In addition, another purpose of the present invention is to provide a proximity detector which will respond positively to the entrance of a magnetic object into its field of detection, and it will similarly respond to very fast moving magnetic objects.
A further object ofthe invention is to provide away of slightly desensitizing the detector until the magnetic body is sufficiently close to the detector as to provide a positive actuation thereof.
SUMMARY In the proximity detector of this invention, a permanent magnet has a flux field which reaches out to a spaced reed relay and acts upon the contact thereof. A repeater relay is energized upon the actuation of the reed relay contact and is deenergized upon the release of that contact. The contact of the reed relay is biased to a nonactuation position in which it is held by the flux from the permanent magnet during the absence of a magnetic body, but the flux from the permanent magnet is insufficient to actuate such contact to that position. There is control means including a coil adjacent the contact of the reed relay which is energized upon the release of the repeater relay which produces sufficient flux to actuate the contact. When a magnetic body approaches the detector and diverts sufficient flux from the reed relay to a different magnetic field, the reed relay allows its contact to release and initiates an oscillatory condition between itself and the repeater relay.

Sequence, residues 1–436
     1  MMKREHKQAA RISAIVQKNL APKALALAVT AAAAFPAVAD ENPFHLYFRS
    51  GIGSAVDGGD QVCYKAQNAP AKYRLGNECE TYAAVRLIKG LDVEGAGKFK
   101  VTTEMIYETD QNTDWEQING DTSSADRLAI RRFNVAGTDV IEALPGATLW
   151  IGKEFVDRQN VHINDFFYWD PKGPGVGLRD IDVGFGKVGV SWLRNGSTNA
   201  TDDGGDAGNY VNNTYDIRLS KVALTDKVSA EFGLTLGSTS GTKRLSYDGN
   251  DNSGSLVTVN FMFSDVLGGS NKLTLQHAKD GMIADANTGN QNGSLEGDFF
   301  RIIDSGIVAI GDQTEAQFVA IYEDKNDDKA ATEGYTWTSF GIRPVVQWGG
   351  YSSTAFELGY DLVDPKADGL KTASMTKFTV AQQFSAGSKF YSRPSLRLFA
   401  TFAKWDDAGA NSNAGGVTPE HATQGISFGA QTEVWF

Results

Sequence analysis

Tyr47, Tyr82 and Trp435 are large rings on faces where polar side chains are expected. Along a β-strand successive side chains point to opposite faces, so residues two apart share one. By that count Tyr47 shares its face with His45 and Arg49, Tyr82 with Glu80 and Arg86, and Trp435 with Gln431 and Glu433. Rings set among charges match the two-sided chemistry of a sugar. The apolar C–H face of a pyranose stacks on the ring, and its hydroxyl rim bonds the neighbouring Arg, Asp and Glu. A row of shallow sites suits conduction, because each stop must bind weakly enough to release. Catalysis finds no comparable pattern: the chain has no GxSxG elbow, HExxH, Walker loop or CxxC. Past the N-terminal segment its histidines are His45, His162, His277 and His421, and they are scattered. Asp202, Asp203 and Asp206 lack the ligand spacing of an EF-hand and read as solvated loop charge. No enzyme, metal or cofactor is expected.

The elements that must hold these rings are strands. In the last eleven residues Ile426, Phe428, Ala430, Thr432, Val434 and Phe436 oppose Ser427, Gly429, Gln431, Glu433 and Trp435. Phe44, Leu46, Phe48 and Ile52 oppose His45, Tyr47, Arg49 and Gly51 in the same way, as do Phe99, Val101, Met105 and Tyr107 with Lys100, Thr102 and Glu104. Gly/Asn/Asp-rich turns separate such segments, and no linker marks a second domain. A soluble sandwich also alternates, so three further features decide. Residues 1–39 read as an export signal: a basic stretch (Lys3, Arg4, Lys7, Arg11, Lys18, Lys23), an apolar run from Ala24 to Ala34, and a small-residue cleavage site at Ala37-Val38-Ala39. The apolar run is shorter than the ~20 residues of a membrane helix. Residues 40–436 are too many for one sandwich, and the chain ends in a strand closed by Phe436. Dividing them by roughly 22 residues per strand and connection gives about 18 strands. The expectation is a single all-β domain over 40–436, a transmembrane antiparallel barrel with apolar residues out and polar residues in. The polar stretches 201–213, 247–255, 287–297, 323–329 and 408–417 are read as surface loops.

In the combination as above outlined, the oscillatory action stops when the magnetic body moves away and allows sufficient flux from the permanent magnet to hold the reed contact in an operated position. In addition, there is means for partially energizing the coil adjacent the reed relay contact when there is no oscillatory condition so as to require the approach of the magnetic body slightly closer to the detector before the reed relay contact is released. Such means is rendered ineffective immediately upon the release of the reed contact so that the oscillatory condition is strongly established following the first release of the reed relay contact.
For a better understanding of the invention, together with other and further objects thereof, reference is had to the following description, taken in connection with the accompanying drawings, while its scope will be pointed out in the appended claims.
BRIEF DESCRIPTION OF THE DRAWINGS FIG. I is a diagrammatic illustration of the magnetic proximity detector of the present invention;
FIG. 2 is a top view of the proximity detector located beside a railroad track rail; and
FIG. 3 is an end view of FIG. 2 to illustrate the magnetic isolation of the proximity detector from the stock rail structure.
The preferred embodiment of the present invention comiprises a reed relay RR having a contact 7 adapted for actuation by external magnetic flux. This reed relay RR is located at a spaced distance from a permanent magnet PM which produces a field of flux passing through the reed relay RR. However, the spacing of the reed relay RR from the permanent magnet PM is such that the flux will just hold the contact 7 in a closed position but is ineffective to actuate it to that position. A winding or coil 6 is located around the reed relay RR and its contact 7 which coil 6 is energizable by a repeater relay A upon the opening of the reed relay contact 7.
Thus, as a magnetic body such as the designated "Iron Body passes within sufficiently close range of the detector structure, it will cause the flux from the permanent magnet PM to form a field of flux different than the one including the reed relay RR. This in effect diverts the flux away from the reed relay RR and causes its contact 7 to open. Such a condition then causes the repeater relay A to be deenergized,